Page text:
Thomas Hildebrandt, the director of reproductive sciences at the Leibniz Institute for Zoo and Wildlife Research in Berlin, was able to extract sperm from the last four male northern white rhinos, which is also preserved in the Frozen Zoo. Hildebrandt was the expert who determined, back in 2014, that none of the remaining northern white rhinos could reproduce naturally. He is also the first who successfully harvested eggs from female southern white rhinos. They, too, had been nearly extinct, their numbers reduced to about 20. But through intense international conservation efforts, they are now thriving, with 18,000 living in the wild again. (About 100 of them were born in the San Diego Zoo.)
Three years ago, Hildebrandt flew to Kenya to extract oocytes from the last two northern females, Fajin and Natu. This entails a life-threatening procedure, as the cows have to be put under anesthesia. “Their blood vessels are as thick as a toddler’s arms,” Hildebrandt says. “If I accidentally cut into one of these, they quickly bleed to death, and I have murdered the last females instead of saving the species.” He knew he would either go down in history as a hero who helped save the world’s rarest large mammal — or as the idiot who accelerated its demise.
The eggs were then flown to a specialized commercial lab in Europe that is usually known for its work with racehorses. There, the eggs were fertilized in vitro. Twenty-two embryos will remain frozen in Italy and Switzerland until science has progressed to the point where they can be safely implanted into a southern white rhino. Until now, no attempt to implant a fertilized egg into a southern white rhino has been successful. “You can imagine how precious each of these embryos is,” Durrant says about the European lab content. “You don’t experiment with something like this. They will only be implanted once we have successfully accomplished the procedure with numerous other embryos.”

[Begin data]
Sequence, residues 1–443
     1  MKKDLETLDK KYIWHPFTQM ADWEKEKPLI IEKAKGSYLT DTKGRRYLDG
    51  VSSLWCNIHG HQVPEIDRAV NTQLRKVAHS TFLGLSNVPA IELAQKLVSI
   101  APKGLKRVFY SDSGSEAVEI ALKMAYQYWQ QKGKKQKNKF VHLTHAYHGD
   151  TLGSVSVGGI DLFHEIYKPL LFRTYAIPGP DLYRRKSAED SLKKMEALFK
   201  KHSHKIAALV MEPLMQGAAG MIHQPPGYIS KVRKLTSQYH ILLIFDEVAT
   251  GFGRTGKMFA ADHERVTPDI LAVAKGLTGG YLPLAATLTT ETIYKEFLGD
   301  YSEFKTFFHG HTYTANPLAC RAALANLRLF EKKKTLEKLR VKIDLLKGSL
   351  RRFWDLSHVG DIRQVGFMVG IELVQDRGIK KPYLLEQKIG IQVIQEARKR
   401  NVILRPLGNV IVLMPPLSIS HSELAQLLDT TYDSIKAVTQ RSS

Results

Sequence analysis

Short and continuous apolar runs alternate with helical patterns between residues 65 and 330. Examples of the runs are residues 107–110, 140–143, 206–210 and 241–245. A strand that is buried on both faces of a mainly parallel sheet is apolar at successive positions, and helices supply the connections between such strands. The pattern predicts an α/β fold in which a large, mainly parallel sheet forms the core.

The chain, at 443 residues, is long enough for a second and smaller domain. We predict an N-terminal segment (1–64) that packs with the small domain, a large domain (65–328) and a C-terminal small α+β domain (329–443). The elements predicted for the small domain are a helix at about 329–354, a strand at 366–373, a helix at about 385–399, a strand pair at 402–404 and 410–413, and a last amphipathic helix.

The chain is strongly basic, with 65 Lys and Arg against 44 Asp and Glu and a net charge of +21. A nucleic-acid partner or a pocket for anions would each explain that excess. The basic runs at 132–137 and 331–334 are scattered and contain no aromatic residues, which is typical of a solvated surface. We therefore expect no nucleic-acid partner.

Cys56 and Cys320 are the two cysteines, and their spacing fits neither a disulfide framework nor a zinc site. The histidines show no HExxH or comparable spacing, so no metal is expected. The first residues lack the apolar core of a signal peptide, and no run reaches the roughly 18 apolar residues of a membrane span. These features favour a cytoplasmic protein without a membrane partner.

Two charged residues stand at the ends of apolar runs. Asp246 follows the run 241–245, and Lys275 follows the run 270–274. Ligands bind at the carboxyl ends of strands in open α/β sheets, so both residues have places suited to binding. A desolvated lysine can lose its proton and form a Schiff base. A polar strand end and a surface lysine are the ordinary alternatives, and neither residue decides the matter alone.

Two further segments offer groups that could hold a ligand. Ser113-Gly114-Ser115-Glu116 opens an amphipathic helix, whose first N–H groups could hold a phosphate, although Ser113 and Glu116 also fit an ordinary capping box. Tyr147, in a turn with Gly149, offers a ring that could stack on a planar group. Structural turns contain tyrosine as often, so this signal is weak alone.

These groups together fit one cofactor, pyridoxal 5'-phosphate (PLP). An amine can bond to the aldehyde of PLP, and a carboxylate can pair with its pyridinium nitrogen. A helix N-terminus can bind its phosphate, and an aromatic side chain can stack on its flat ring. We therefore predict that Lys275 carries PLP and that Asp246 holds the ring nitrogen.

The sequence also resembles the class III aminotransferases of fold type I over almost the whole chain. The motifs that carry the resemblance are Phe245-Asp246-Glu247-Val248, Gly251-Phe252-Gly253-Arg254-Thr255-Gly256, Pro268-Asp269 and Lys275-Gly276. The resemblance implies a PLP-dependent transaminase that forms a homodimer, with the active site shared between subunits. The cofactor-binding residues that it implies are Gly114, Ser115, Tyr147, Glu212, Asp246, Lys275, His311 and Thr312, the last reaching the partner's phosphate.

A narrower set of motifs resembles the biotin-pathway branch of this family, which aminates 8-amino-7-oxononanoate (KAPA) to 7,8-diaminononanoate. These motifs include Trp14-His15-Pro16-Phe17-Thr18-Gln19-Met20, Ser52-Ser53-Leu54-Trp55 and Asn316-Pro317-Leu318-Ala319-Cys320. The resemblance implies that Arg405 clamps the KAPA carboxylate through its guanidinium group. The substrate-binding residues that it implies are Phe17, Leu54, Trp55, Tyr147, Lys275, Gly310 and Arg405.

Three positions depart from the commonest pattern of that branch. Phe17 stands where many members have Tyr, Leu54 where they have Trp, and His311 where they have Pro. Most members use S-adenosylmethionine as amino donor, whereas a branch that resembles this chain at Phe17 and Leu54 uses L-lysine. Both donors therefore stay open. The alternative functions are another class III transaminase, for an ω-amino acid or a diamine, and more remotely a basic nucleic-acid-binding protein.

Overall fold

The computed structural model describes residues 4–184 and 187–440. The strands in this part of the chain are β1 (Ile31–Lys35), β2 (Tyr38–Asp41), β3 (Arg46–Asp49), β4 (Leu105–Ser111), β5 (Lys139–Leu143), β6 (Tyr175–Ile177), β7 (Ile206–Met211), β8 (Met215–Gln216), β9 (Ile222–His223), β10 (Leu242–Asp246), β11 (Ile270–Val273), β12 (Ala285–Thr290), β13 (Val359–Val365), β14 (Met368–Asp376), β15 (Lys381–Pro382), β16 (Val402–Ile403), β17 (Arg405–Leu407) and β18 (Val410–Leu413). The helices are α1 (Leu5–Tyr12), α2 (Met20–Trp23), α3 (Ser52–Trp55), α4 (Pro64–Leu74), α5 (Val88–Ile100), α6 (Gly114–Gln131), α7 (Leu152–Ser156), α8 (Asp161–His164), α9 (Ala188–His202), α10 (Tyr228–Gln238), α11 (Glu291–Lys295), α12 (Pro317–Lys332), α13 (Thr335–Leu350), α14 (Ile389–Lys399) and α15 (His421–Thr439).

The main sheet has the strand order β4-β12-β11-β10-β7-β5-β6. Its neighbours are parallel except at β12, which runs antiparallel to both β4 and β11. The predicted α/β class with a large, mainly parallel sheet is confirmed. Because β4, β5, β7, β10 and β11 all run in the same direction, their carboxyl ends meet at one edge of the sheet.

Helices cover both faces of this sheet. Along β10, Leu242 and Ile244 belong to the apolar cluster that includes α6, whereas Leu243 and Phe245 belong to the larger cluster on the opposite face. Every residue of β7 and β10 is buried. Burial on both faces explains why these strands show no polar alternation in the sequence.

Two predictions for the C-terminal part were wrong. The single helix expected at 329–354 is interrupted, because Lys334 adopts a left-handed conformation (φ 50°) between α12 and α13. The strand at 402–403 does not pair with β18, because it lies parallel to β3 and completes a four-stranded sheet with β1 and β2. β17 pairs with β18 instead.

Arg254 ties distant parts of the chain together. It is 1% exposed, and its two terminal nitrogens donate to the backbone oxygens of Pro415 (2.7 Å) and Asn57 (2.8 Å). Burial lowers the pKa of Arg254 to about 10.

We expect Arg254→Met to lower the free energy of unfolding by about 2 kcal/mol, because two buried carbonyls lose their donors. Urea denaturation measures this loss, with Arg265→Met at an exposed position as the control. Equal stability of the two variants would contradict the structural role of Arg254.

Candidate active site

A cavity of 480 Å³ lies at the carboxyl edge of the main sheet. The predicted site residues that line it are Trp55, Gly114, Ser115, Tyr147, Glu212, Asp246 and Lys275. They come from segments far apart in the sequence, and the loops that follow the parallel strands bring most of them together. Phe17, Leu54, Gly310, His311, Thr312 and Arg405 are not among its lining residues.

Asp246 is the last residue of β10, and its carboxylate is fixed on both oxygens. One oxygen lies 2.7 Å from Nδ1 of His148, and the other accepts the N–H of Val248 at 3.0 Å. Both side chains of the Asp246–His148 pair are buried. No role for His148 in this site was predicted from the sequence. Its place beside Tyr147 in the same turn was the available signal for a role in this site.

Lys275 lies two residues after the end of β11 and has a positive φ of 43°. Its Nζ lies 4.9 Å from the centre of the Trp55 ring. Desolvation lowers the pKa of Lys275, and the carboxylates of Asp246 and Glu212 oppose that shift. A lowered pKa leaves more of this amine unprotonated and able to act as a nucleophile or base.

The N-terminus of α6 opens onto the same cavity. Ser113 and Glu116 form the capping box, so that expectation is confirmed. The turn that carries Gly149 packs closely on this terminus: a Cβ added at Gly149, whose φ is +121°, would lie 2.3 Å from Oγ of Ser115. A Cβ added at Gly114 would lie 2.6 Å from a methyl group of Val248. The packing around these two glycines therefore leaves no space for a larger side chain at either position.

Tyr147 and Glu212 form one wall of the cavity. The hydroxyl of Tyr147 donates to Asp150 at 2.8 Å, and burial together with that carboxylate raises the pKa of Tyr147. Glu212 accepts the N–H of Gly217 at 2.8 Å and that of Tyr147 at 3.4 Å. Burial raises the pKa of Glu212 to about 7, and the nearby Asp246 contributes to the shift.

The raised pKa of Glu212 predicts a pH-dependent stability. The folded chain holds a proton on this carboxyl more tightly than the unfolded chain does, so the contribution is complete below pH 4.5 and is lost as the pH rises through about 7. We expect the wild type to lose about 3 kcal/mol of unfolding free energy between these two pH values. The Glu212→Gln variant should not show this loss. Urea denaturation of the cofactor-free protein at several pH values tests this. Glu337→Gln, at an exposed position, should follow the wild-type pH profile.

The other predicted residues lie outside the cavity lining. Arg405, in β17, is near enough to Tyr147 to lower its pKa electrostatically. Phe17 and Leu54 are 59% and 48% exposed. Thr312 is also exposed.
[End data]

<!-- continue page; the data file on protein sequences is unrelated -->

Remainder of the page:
Is this immense effort really warranted to save one rhino subspecies? “It is simply not acceptable to see them go extinct,” Hildebrandt shoots back. “After all, it is mankind that is responsible for their demise. Rhinos are not endangered because of evolutionary reasons or loss of habitat but primarily due to human greed. It’s the Kalashnikov that killed the rhinos,” Hildebrandt says. So many men believe that rhino horns work as an aphrodisiac that the giants have been slaughtered for them. Ten-year-old Wallis, too, arrived from South Africa with a bullet wound in her left side from a failed poaching attempt. The team in San Diego had to call in the bomb squad of the local fire brigade to locate the bullet casing with their x-ray because the zoo’s x-ray machines weren’t big enough. In truth, the horns are simply made of keratin, roughly the same substance as our fingernails. It increases virility exactly as efficiently as chewing your nails. And yet, the planet loses about three rhinos a day to poaching.
“These animals have an important role in the ecosystem,” Durrant explains, “and because we as scientists may have the solution to prevent their extinction, we have the responsibility to try.” As a vegetarian, she shudders as she discusses that she sometimes has to use pig oocytes in stem cells experiments. “These animals are so sensitive and so smart,” she says emphatically. But the knowledge gained in saving the northern white rhino, Durrant argues, will also benefit other rhinos, almost all of which are threatened as well. For instance, Hildebrandt recently returned from Borneo where he does similar fertility work with the Sumatra rhino, which is down to about two dozen individuals. “What we learn here will benefit other species, too,” Durrant emphasizes. And without recent advances in reproductive technology, the prospect of the rhinos’ survival would certainly be grim.
Whether one approves of these methods or not, the rhinos’ future will be decided in a lab. “The scientific methods sound futuristic,” Durrant admits, “but they work.” She is confident that northern white rhinos will once again inhabit the African savanna. “In 10 to 20 years we will see a healthy population of the white rhino.”
The decision of who will be chosen as surrogates has yet to be made, but Durrant is already preparing her cows. Part of this process is to get them used to weekly ultrasounds, learn more details about their fertility cycles and let them experience pregnancies. Just like with humans, the first birth is often the most difficult. Livia, a 12-year-old southern white rhino, has just given birth to her first calf. Neville is only a few weeks old, about as tall as a Great Dane and already weighs 120 pounds.
“Careful! Stay close to the barn wall! The horns can reach through the metal barrier,” her caretaker warns as we approach mother and son. But little Neville is curious about the visitors and trots to the railing, under the watchful eye of his mom. He pushes his head through the metal barrier, his horn just a small nub. His skin feels soft like suede, and as we pet him behind the ears, he grunts with pleasure.
“It’s important that the animals are happy here,” Durrant says and pets him too. It’s her first time touching him, and though she has worked here for decades, she beams proudly.
If everything goes well, Livia or Wallis could give birth to the first northern white rhino here in eight or 10 years. To save the survival of an entire species.